Alameda Corridor East is a $1b infrastructure project that sliped beneath the radar till the archeologists start uncovering spanish silver coins. The original Alameda Corridor from Long Beach to Downtown also created a new cargo terminal at the Port of Los Angeles – so where is the fill being disposed of from this project?
I revisited the LA Aqueduct for a grant proposal related to the upcoming centennial of it’s opening (stay tuned), and started updating my earlier bibliography. My methodology was searching via google scholar, amazon.com and cal poly’s library. Items in bold are seminal books and essential reading about the LA Aqueduct. The links take you to the most recent edition of the book.
(all images by HAER/Library of Congress.)
- Troy, Austin. 2012. ‘Thirsty City’ in The Very Hungry City.Yale University Press Excerpt published 1/23/2012 at Design Observer: Places. places.designobserver.com/feature/the-very-hungry-city/32058/
- Barraclough, Laura R. 2011. Making the San Fernando Valley: Rural Landscapes, Urban Development, and White Privilege. University of Georgia Press.
- deBuys, William. 2011. A Great Aridness: Climate Change and the Future of the American Southwest. Oxford University Press.
- Piper, Karen. 01.24.2011. ‘Dreams, Dust and Birds: The Trashing of Owens Lake’ in Places: Design Observer.
- Prud’homme, Alex. 2011. The Ripple Effect: The Fate of Fresh Water in the Twenty-First Century. Scribner.
- Solomon, Steven. 2011. Water: The Epic Struggle for Wealth, Power, and Civilization. Harper Perennial.
- Wanamaker, Marc. 2011. San Fernando Valley (Images of America). Arcadia Publishing.
- Creason, Glen. 2010. Los Angeles in Maps. Rizzoli.
- Cunningham, Laura. 2010. State of Change, A: Forgotten Landscapes of California. Heyday.
- Ostrom, Vincent. 2010. Water & Politics A Study of Water Policies and Administration in the Development of Los Angeles. Martino Press.
- Black, Maggie and Jannet King. 2009. The Atlas of Water: Mapping the World’s Most Critical Resource. University of California Press.
- Karelius, Brad. 2009. The Spirit in the Desert: Pilgrimages to Sacred Sites in the Owens Valley. Book Surge Publishing.
- Varner, Gary R. 2009. The Owens Valley Paiute – A Cultural History. lulu.com.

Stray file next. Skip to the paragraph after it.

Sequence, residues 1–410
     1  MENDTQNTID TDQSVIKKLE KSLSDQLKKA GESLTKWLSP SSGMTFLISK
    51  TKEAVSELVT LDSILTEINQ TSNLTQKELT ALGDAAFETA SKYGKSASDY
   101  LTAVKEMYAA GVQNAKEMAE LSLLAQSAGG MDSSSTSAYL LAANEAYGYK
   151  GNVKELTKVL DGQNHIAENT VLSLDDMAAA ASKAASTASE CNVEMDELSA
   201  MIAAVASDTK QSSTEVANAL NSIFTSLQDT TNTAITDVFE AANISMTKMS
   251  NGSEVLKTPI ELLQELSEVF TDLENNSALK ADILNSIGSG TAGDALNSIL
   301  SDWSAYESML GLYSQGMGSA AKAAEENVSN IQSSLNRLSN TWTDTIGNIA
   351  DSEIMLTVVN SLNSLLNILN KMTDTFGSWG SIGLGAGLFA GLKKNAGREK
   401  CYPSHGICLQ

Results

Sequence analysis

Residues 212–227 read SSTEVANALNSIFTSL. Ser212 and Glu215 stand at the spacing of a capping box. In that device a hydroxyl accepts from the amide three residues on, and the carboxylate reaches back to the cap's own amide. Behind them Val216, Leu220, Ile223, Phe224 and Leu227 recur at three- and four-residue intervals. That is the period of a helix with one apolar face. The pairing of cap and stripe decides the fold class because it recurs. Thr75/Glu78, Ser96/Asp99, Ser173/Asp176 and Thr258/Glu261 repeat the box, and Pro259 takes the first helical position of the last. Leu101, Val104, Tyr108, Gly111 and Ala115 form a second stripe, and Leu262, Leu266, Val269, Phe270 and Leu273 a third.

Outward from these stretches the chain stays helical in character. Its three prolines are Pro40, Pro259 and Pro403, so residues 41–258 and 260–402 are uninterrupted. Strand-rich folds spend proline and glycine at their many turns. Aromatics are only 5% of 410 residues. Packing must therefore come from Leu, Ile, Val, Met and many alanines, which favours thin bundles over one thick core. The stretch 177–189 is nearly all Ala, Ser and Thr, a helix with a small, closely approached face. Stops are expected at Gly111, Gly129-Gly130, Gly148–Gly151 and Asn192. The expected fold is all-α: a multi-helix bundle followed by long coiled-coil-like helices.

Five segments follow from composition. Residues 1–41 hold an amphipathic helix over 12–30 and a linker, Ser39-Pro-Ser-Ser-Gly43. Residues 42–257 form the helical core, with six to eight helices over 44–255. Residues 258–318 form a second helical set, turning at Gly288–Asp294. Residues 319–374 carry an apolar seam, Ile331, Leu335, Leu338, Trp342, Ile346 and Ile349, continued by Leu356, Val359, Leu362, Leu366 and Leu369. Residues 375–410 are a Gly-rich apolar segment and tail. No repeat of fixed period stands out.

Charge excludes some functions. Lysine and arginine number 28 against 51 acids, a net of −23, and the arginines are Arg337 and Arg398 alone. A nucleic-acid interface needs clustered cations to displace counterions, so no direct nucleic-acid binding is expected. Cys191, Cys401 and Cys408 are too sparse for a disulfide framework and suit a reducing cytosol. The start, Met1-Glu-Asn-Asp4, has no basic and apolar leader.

- Lehrman, Barry. 2008. “Reconstructing the Void: Owens Lake.” In: The Infrastructural City: Networked Ecologies in Los Angeles, ed. Kazys Varnelis. Barcelona: Los Angeles Forum for Architecture/Columbia Networked Urbanism Lab/ACTAR Press.
“This chart visualizes the lifespans of equipment associated with waste, water, energy, and transportation systems across North America. As we approach — and pass — the breakdown point for many post-WWII urban infrastructures, important questions emerge. What and how should we rebuild? How do we build in the face of dynamic climates and coastal hazards? Should we design for permanence or for failure? Should we build stronger or weaker structures? Can natural systems be coupled with technological facilities? Cross-disciplinary action by ecologists, urbanists, historians, geographers, and engineers is necessary as we construct the next generation of public works projects for an era of unprecedented change and uncertain risk.”
TACTICAL URBANISM (v):
• A deliberate, phased approach to instigating change;
• Implementation of local solutions to local planning challenges;
• Short-term commitment and realistic expectations;
• Low-risk actions which hold the potential for high reward; and
• The development of social capital between citizens and the growth of collective organizational capacity among public, private, and non-profit institutions and their constituents
Project 2: Tactical Infrastructure
As a process for city-making, tactical urbanism effectively addresses the convergence of three well-documented trends: shrinking municipal budgets, a generational shift to urban living, and the rapid exchange of ideas enabled by advances in information and communications technology.